Next stop.....Paris

Posted by remoteman 16:37 Archived in France Comments (0)

London Town

Our London adventures

Old Londinium at her finest

Old Londinium at her finest

Before I start, I should probably apologise for the extensive delay. I guess we've been a bit too busy to be able to sit down and write. But, I digress...

We arrived in London on March 15 after what could only be described as an epic day of travel. Our flight from Melbourne to Abu Dhabi had to detour to Colombo following a medical emergency onboard. Unsurprisingly, our eventual arrival into London was abit later than expected. We rolled into our hostel in King's Cross at around 9pm local time and went straight to sleep. But, I guess that comes with the territory!

Arriving in London from Melbourne is like travelling to a parallel universe. Although the two cities share a common heritage, London possesses a majesty and grandeur with which Melbourne cannot compete. The first thing that strikes you is the buildings. Every second building along the road is old and stately. Even the local bookie is housed in something which would probably qualify for heritage listing back in Australia. But beyond that grand appearance, there is a palpable feeling of history that eminates from the city. Visiting London now, you can still feel the power of what was once a great imperial hub. And speaking on the imperial subject, the eclectic content of Britain's world empire can be felt throughout her capital. Melbourne gives multi-culturalism a good try, but London really takes the cake. On the tube, every group of people seems to be speaking a different language. London truly feels like a global city.


So, with pleasantries out of the way, we set our minds exploring. Our first morning, as is always the case when you've crossed 11 hours into the past, was used mainly for getting our bearings. After waking to a welcome (and free) hostel breakfast, we delved into the King's Cross area looking for free wi-fi (that's 21st century travelling for you). As luck would have it, we stumbled upon the British Library, only a few blocks down the street. However, instead of hooking up to the free wi-fi, we ended up looking through the library's amazing collection of rare documents. Everyone from Oscar Wilde to Da Vinci, the Magna Carta to maps of Britain was represented across the collection. The section dedicated to The Beatles was particularly engrossing, with original hand written lyrics for songs which later became international hits. An amazing collection, with barely a sign to distinguish it from the rest of the library. After taking a walk around Trafalgar square, we finished our first day in London on the London Eye. A fitting end to the day.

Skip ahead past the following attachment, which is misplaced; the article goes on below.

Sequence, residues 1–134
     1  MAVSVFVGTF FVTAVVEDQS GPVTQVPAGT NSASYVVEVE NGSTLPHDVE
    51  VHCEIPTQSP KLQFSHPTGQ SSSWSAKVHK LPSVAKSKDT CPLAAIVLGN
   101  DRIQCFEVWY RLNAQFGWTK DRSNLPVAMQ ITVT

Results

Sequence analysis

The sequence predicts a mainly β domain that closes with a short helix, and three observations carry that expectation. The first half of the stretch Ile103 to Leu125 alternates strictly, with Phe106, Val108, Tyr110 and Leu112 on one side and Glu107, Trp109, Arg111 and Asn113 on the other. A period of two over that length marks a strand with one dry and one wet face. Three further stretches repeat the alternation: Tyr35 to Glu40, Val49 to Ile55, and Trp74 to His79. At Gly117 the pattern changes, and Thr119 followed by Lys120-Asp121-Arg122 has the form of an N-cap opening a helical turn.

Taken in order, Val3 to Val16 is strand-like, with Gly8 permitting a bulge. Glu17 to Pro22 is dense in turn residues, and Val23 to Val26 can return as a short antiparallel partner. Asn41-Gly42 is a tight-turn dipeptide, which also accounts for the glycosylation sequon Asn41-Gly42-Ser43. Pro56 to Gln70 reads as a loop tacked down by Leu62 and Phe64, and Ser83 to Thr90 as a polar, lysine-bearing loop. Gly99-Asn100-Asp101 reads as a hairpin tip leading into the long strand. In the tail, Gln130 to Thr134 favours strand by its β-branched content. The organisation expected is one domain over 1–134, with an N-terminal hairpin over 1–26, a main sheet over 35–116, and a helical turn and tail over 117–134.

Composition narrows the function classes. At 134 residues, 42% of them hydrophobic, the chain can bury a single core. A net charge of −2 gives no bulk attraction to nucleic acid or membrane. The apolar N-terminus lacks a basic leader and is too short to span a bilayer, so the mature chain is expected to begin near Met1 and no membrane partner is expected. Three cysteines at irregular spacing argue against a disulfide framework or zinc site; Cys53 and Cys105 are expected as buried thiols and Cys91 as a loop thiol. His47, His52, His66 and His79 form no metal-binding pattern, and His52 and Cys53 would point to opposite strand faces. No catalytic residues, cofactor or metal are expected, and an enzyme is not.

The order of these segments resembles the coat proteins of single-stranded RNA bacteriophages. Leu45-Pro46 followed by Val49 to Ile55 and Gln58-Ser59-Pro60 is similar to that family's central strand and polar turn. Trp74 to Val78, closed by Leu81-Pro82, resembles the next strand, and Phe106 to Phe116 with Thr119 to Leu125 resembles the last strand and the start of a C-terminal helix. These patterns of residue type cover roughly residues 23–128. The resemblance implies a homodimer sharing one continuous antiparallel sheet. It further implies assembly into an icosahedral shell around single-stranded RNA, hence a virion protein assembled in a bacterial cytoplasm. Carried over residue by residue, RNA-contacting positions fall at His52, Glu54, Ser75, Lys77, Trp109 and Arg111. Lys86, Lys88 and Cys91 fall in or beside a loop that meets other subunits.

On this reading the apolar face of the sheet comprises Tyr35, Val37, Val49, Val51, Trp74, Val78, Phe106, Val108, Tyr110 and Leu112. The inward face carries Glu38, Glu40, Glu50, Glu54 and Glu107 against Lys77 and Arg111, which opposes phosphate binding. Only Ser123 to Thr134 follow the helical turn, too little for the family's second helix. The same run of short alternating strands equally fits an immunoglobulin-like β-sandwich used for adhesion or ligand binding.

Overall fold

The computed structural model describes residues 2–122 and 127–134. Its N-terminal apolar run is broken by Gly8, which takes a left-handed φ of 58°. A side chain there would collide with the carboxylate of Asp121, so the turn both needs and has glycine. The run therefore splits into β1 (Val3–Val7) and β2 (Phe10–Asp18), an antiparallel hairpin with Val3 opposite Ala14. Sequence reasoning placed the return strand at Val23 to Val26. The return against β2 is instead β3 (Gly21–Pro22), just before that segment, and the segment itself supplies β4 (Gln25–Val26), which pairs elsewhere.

Kew Gardens in bloom

Kew Gardens in bloom


Our next few days were punctuated by museums and monuments. One of our particular highlights was a visit to the Royal Botanic Gardens at Kew, which was an oasis of calm from the bustle of the city. We were particularly lucky to visit in spring when many of the flowers were just beginning to bloom. It made the London weather a little more bearable. I also got a big thrill from the British Museum, and not just because it's free either! The collections are so extensive it would take more than a day to see everything. But I guess that's what happens when the British government goes around nicking precious artifacts from all over the world. On the food front, we had a fine bangers and mash at Mother Mash just off Oxford Circus (well worth a visit!), and we even splurged a bit on afternoon tea in Mayfair (although I hadn't really packed accordingly, and felt a tad under-dressed!). We also got some cheap as curry on Brick Lane, fitting as curry now seems to be a national British dish. To top it all off, we spent our last day sampling some of the local produce in the Borough Market, which is definitely worth a visit. Wild boar sausage for the win!


We left London March 24 after a thoroughly enjoyable stay, thanks in no small part to my good friends in London and surrounds (you know who you are! It was great to catch up!). I felt as though I only got a slight taste of the city. I guess I'll have to be back.

A few observations from London:

1. Traffic is horrendous, but the tube is amazing!

2. 'Hiya' is a legitimate greeting.

3. Every second store is a chain! Pret-a-manger, Caffe Nero, Pizza Express, Costa Coffee...the list goes on.

4. Direct sunlight is almost as valuable as gold.

Next stop....Northern France

Posted by remoteman 17:15 Archived in United Kingdom Comments (1)